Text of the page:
Journal Entry #67

I’m going to begin assembly with Mariimo’s PVC armature. The whole thing goes together with machine screws, so it should be fairly straightforward. I’m going to have to install her digital encoders during the process as well, seeing as they’re housed within the joints themselves. They have to be in place before each joint is screwed shut.

Journal Entry #68

Armature assembled. It looks like a skeleton splayed out on my workbench. I went ahead and installed her air compressor, compressed air storage tank, solenoid valve bank, and supercapacitor array as well. It’s important I get her core elements in place before I start layering pneumatic muscles and foam over everything.

Journal Entry #69

Mariimo’s pneumatic muscles have been installed, along with many, many meters of pneumatic tubing. The tubing runs along grooves and hollows in Mariimo’s armature, so as not to get tangled up in all those moving parts. Various wires, like the ones connected to her digital encoders, run along these grooves as well.

I like to keep things tidy.

Journal Entry #70

This would go a lot faster if I still had both my hands.

Journal Entry #71

I guess I forgot to mention the amputee thing, huh? I was in an accident about seven years ago that required a below-elbow amputation. Right hand. Non-dominant, thank goodness.

It does make getting work done more difficult. I’m fortunate to have access to a lot of automated manufacturing equipment. I wouldn’t be able to do a fraction of the work I do without it. Still, the actual hands-on work does tend to go slower than it would otherwise.

Whatever. I’m over it.

Journal Entry #72

I spent my morning zip-tying memory foam to Mariimo’s armature. It feels like assembling a robotic mattress. It’s going smoothly, though. At this rate, the last of her memory foam inserts should be fitted tightly in place by the end of the day.

I’m not gonna lie, the process is immensely satisfying. It feels like she’s finally beginning to take shape.

Journal Entry #73

I should clarify. I do wear a prosthesis. Nothing fancy, just a standard body powered split hook. It does make things significantly easier, though.

I’ve got a collection of several different hooks. Which one I choose depends on the task at hand. The canted hooks are good for detailed work, and I’ve got a couple lyre shaped hooks for handling bulkier objects. Both types come in a plain stainless steel version, as well as a version with a nitrile rubber grip for handling delicate or slippery items. I’ve also got a work hook for heavy-duty lifting and tooling, and a specialized soldering attachment for assembling circuit boards.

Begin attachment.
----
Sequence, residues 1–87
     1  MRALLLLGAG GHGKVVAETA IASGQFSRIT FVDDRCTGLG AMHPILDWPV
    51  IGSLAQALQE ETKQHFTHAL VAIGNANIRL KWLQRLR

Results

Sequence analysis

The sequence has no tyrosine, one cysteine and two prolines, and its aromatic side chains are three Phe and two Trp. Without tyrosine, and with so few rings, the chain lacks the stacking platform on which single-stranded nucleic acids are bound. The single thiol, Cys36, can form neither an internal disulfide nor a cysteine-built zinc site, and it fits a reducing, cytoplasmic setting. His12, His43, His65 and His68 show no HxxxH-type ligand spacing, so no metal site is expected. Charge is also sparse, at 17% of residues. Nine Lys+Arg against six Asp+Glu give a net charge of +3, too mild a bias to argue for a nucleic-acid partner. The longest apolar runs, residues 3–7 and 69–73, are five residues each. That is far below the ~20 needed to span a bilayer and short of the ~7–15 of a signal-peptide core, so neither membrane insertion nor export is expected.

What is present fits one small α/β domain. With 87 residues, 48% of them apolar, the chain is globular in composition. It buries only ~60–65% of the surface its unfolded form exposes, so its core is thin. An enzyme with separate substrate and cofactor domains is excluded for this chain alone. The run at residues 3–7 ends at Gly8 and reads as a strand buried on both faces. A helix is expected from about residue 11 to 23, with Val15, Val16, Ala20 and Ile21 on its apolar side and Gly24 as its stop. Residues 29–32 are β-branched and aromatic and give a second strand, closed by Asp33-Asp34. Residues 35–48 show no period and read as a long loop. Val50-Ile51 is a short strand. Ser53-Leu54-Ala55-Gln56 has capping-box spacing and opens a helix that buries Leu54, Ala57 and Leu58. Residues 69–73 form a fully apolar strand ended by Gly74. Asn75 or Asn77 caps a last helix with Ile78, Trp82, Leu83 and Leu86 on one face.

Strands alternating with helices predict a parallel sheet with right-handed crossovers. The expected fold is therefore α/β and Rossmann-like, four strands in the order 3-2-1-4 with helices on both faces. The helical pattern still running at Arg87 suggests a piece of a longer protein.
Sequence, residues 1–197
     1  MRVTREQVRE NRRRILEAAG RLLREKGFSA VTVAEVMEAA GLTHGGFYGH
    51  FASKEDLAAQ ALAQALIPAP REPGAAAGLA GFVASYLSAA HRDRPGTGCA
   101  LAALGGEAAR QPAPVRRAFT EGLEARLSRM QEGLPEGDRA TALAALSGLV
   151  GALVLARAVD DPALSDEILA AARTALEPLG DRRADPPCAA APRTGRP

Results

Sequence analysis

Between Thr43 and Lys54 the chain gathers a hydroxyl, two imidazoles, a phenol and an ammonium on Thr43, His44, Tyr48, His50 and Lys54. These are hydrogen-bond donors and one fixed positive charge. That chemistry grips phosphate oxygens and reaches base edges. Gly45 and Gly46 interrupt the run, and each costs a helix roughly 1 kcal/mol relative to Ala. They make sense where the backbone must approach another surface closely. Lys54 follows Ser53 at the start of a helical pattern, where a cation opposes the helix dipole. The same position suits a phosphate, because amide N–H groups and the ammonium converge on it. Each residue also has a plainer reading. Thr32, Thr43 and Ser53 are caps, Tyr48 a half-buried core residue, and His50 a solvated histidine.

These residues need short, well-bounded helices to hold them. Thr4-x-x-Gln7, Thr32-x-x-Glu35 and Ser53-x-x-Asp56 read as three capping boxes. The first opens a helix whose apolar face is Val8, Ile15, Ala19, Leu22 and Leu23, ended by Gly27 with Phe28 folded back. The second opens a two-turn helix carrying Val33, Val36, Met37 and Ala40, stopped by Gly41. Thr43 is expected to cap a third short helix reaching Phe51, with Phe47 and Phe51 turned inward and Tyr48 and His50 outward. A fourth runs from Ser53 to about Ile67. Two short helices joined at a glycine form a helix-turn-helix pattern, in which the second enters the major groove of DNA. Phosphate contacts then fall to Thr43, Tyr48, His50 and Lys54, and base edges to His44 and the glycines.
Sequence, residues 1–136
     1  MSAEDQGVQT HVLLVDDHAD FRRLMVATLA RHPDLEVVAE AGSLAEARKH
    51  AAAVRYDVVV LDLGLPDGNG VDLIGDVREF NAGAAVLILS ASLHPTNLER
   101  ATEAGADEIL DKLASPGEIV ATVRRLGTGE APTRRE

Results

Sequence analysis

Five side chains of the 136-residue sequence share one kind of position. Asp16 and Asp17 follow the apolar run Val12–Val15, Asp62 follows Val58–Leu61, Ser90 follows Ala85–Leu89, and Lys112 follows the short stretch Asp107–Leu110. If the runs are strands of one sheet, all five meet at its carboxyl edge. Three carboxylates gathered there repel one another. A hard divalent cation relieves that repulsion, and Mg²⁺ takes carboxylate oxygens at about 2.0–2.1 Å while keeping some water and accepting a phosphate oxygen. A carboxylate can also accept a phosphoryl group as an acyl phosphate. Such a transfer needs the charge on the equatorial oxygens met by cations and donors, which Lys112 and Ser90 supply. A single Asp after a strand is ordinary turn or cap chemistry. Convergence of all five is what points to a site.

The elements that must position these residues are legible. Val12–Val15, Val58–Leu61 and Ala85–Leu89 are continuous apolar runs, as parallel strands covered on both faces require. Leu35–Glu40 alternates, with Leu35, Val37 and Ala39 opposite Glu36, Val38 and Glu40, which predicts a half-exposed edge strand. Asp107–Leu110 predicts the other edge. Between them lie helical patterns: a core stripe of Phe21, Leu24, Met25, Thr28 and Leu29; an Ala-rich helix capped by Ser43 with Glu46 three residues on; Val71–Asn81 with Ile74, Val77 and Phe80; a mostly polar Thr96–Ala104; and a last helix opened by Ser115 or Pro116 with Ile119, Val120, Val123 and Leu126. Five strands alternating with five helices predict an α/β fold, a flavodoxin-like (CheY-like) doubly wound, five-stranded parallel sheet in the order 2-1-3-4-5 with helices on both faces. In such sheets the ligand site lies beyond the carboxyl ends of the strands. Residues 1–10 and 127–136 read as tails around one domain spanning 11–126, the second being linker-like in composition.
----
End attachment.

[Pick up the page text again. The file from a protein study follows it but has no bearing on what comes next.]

I made that last one myself.

Journal Entry #74

I suppose it’s a little ironic that a roboticist has what basically amounts to a hook for a hand. Advanced myoelectric arms are available. Five fingers. Full articulation. Responds to natural muscle movement.

I can afford it, too. I did afford it. It’s gathering dust in the basement as we speak. It’s an impressive piece of technology, to be sure. I just... can’t wear the thing.

It’s the sound. The vibration against my skin. That god-awful motorized screeching. It’s like nails on a chalkboard. A constant, irritating reminder that something is missing. I can’t handle it.

I don’t mind those types of sensations when they’re coming from say, the CNC milling machine. That’s different. That’s separate. But when it’s an extension of myself, when there’s no escape short of physically tearing it away from my body... that’s another story altogether.

It’s... anxiety inducing.

Journal Entry #75

Sorry, I need to vent. Writing about my amputation has me fixated on the accident. I’ve got no one I can talk to about things like this, so I’m just going to put it here.

I lost my hand in a traffic accident. I was sitting in the back seat. Right side. I was hanging my hand out the rear window, absentmindedly playing with the wind. My mom was in the front passenger seat. Dad was driving. We were t-boned by a truck at an intersection.

No one was at fault. The traffic light had malfunctioned. It should have defaulted to red in the event of a malfunction, but it didn’t. The bones in my hand and wrist were splintered. The soft tissue was pulp. It was prepped for amputation as soon as I got to the hospital.

I got off easy. My parents didn’t even make it to the hospital.

I still have nightmares about it. They’re not as frequent as they used to be, but I’m not sure I’ll ever be rid of them completely. Let’s just say it’s an unpleasant way to start one’s day.

I also got saddled with this fucking phantom pain. The perfect little reminder. Every time it flares up I get flashbacks. Panic attacks. Breakdowns. I live alone, so I have no choice but to just tough it out.

I should be happy. I’ll never need to work a day in my goddamn life. I’ve inherited a fortune. More arrives each month like clockwork. I live in a fucking mansion! I shouldn’t feel this way!

But no. I’m afraid of people, I’m afraid to leave the house, and there’s not a single person in this world I can confide in.

I’m so fucking lonely.

Journal Entry #76

I apologize for my previous entry. I should be keeping this journal more professional. I tend to keep things bottled up inside, and eventually the dam just... breaks.

It won’t happen again.

Journal Entry #77

Mariimo is fully assembled. I didn’t really document it that closely. I haven’t been feeling well. I’m going to take a break before I start programming.


About the author

Tyrel Pinnegar

Bio: Author of MARiiMO and Rabbit Hole.

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